“What do you want?”
The man turned away from her then, and began to stare straight out of the front window of the car. He sighed. “It is not what I want. It is what you want. You called me.”
Anna was confused. “I didn’t call you. I didn’t call anyone.”
The man turned back to her then. His movements were so smooth. Graceful. It was almost un human His eyes were looking into her’s again. “Are you so sure, Anna?”
He knew her man. Panic rose in Anna’s throat. She looked into his eyes and felt like she were looking into the universe. She felt like she could fall through them and that if she did, Anna would be lost forever. “Who are you?,” she whispered.
This eyes stayed steady. “You know who I am, Anna.”
Anna stared transfixed in his eyes. She didn’t know him. His face. It was not one she would forget. And yet, there was something familiar about it. Looking at him almost made her feel… safe. Home. Anna shook her head. “I don’t know you,” but her words lacked confidence. She was almost sure she didn’t know him, and yet, something told her that she did.
“Come one. Who am I, little Annie?”
Little Annie? No one had called her that in years. The last time Anna had been called that she’d been five or six. Anna’s breathing slowed. She felt weightless looking into his eyes. “I don’t know,” her voice was growing weaker. She was beginning to feel dizzy, light headed. “I don’t know.” Even to her own ears, she was sounded like a child, young, shy, unsure. But he could help her. Anna felt the need to go over and crawl into the stranger’s lap. Let him hold her. Let him take the pain away. A part of her believed he could. Knew he could. She looked into his eyes now, searching.
His eyes looked kind. “What do you want, Anna? Tell me what you want?”
“Brian.” Immediately, Anna felt reality come back with a force so powerful, it knocked her back. The hand that wasn’t braced on the seat flew to her mouth. Anna had said too much, revealing her deepest feeling to the perfect stranger. But the stranger seemed unmoved, his eyes just stared, so gentle.
He put the cigarette between his lips. “I can not give you Brian.”
A sadness slipped into Anna. What had she been thinking? Of course this stranger couldn’t give her Brian. No one could. Anna was upset with herself now. She felt foolish. She looked away.
“But I can take you back.”
Anna’s gray eyes flew to his then. “Take me back?”
His eyes were no longer gentle. They were serious now. He suddenly sounded very professional. “Graduation night. Seven years ago. You’ll have twelve hours before you come back to your present time. It is all the time I you have left.”
Anna frowned. “Have left?”
The stranger kind of let out a giggle laugh. It didn’t really fit him, yet at the same time, it did. “Yes, Anna. We’ve done this before.”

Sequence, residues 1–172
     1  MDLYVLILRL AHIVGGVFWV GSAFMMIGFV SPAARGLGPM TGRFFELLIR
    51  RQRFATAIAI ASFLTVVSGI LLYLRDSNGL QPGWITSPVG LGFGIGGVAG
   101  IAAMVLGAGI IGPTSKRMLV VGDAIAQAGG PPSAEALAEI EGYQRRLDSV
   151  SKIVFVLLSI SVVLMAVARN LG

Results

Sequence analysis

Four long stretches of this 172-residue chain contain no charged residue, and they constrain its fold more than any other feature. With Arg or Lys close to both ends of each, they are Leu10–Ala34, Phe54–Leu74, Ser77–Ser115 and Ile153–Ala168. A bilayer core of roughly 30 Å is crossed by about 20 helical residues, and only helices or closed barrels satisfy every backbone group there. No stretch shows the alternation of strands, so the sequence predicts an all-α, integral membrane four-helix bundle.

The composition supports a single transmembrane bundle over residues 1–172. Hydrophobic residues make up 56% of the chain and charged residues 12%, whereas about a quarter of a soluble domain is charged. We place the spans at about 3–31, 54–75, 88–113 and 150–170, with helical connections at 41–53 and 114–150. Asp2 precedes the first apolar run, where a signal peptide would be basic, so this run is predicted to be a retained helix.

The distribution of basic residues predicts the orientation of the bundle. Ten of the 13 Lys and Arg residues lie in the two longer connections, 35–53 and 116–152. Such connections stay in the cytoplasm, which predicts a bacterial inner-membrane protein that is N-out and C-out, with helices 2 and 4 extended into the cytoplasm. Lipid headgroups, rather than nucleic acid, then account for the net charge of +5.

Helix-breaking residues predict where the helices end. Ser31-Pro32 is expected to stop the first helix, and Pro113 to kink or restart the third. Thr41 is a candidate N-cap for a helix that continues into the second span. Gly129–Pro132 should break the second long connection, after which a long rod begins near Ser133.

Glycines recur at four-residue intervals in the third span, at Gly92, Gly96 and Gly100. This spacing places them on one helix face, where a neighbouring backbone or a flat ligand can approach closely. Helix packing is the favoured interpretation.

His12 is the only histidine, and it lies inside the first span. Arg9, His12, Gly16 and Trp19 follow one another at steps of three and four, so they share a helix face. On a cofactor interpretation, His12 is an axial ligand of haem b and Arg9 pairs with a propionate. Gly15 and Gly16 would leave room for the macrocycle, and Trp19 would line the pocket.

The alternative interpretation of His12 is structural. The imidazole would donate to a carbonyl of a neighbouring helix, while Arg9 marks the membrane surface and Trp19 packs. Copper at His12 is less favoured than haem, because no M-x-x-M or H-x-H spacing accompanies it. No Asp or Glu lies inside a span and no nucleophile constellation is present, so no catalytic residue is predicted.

Anna’s face fell. “We have?”
He nodded. “In your twenty-eight years, you’ve used twelve hours of time reversal. You have twelve hours left. How much of it would you like to use now?” The stranger was now looking down at his clothes. Distaste in his features. He didn’t approve. Who would?
Anna’s mind tried to think. The man did look familiar, but she couldn’t place him. He said they knew one another, but she couldn’t place him in any of her memories. “I don’t understand.”
The man sighed, his patience growing thin. “A select group of humans are given 24 Hours of rehearsal time. You, Anna Crow, are one of them and you have used approximately half of your time.” He flicked a piece of lint from his clothes. It didn’t help.
“I don’t understand.”
The beautiful stranger turned his eyes towards her again. He didn’t move for a moment. Then his hand shot out and touched Anna’s. She hadn’t seem him move. Anna began to pull away, but then felt something electric shoot through her. Her mind filled with images. Horrible images. Her childhood dog had gone missing? She’d broken a leg when she was in high school? When had her father died a few years ago? That was impossible. Her father was still alive. But the images said differently. The last one had been the worst. A car accident. Her father had once died in a car accident, but Anna didn’t remember that. It was awful, so awful. Anna could feel herself crying, but the crying didn’t seem like her own tears. They were tears of someone else. She didn’t remember any of it. She wanted to leave. With great force, she pulled herself away, breaking the connection. The images left. In a flash of light they were no more. With the connection gone, Anna felt herself begin to breath. Had she’d not been breathing before? She looked up into the stranger’s eyes. “All of that happened?”
He didn’t reply, but Anna knew the answer. They had. He was at the end of his cigarette now. They both looked at it. One, maybe two more puffs were left. The man’s eyes looked back at Anna again, there was urgency in his voice. “We don’t have long, Anna. Choose now. Do you want to go back?”
Anna was shaking her head, but heard herself say, “Yes.” She wanted Brian. She didn’t want to go the rest of her life without him. She wouldn’t, not if she could help it.
The man nodded. He took the last drag, inhaled, moved his hand away, and blew the smoke into Anna’s face.
Anna tried to fan the smoke away, but it only got thicker. She couldn’t see. Then, she felt herself falling, really falling, but she didn’t scream. Something slowed her fall. Something still held her.
A voice came from somewhere far. “Goodbye, Anna.” The voice was kind. It was the stranger’s voice. “I am happy to have met you. Have a good life.”
Anna looked around, but she was surrounded by a cloud or fog. There was nothing she could grab that she could hold on to. Underneath her, she saw nothing but more cloud, an endless pit. She felt her breathing slow. Her eyes closed.
And then nothing.